Human papillomavirus immunogen that provides protective tumor immunity and induces tumor Regression

Juan P. Marquez, Rebecca Rivera, Kyung Hee Kang, Murray B. Gardner, Jose V Torres

Research output: Contribution to journalArticlepeer-review

3 Scopus citations


Human papillomavirus (HPV) is associated with premalignant lesions such as high-grade cervical intraepithelial neoplasia (CIN-III) with potential progression to cervical carcinoma. There are now preventive vaccines against HPV. However, no effective therapeutic vaccine or immunological treatment exists for individuals already infected or for the 470,000 women that develop high-grade dysplasia, carcinoma in situ, and cervical cancer each year. More than half of these women die from cervical cancer. Relative non-immunogenicity of HPV infection is one of the main reasons for the difficulty in designing a comprehensive therapeutic vaccine against HPV-induced premalignant lesions and cervical carcinoma. HPV E6 and E7 proteins, the major HPV oncogenes, are highly immunogenic but fail to induce cross-reactive and protective immune responses against heterologous strains. We designed and synthesized a therapeutic peptide vaccine comprised of multivalent peptide mixtures called hypervariable epitope constructs (HECs) that represent the major epitope variants of the oncogenic E7 structural protein, and assessed their immunogenicity and in vivo efficacy in mice. Our results show that this peptide vaccine can induce strong, HPV-specific, T-helper cell and CTL responses. More significantly, we have demonstrated that the vaccine is efficacious as a therapeutic agent in a mouse HPV tumor model. Therefore, the HPV HEC vaccine approach described herein can potentially prevent progression of HPV-associated premalignant lesions, and may also be therapeutic against tumors associated with HPV.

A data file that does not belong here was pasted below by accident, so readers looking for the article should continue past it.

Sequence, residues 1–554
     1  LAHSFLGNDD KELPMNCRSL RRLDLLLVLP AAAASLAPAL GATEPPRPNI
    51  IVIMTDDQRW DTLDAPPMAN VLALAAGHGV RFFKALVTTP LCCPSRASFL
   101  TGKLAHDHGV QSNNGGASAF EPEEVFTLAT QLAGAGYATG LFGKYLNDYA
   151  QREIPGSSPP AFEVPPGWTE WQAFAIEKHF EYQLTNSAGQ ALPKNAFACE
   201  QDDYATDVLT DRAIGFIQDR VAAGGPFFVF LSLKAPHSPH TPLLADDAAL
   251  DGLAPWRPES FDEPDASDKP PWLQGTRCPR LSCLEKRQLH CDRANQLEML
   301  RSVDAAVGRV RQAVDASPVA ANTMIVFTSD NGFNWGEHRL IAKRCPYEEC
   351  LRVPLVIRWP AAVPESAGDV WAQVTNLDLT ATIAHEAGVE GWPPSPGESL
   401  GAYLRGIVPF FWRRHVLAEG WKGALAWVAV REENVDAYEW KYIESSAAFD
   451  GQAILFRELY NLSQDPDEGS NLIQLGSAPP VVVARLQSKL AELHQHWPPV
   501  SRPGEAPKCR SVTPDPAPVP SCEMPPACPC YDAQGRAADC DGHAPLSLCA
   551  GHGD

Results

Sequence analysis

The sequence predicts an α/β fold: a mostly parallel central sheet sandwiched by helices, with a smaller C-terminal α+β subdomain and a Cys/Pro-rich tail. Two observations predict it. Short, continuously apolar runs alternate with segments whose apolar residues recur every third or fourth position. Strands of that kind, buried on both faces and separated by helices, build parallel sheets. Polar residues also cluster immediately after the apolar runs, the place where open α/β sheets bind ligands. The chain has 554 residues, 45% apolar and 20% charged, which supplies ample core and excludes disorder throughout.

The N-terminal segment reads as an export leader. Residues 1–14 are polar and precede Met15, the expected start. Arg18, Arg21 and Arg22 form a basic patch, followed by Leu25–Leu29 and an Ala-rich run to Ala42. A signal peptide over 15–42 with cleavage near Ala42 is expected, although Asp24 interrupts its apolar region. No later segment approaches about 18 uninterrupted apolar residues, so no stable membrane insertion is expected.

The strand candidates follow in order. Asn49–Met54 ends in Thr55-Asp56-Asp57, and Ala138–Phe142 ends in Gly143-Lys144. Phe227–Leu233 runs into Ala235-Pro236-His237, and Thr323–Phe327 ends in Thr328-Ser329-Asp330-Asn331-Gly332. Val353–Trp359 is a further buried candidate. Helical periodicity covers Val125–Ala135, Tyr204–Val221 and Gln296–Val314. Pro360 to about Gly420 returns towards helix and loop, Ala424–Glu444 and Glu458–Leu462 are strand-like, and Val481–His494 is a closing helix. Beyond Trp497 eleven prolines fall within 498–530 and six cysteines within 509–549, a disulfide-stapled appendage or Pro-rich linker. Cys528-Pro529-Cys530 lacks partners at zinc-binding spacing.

Original languageEnglish (US)
Pages (from-to)141-152
Number of pages12
JournalViral Immunology
Issue number2
StatePublished - Apr 1 2012

ASJC Scopus subject areas

  • Immunology
  • Virology
  • Molecular Medicine


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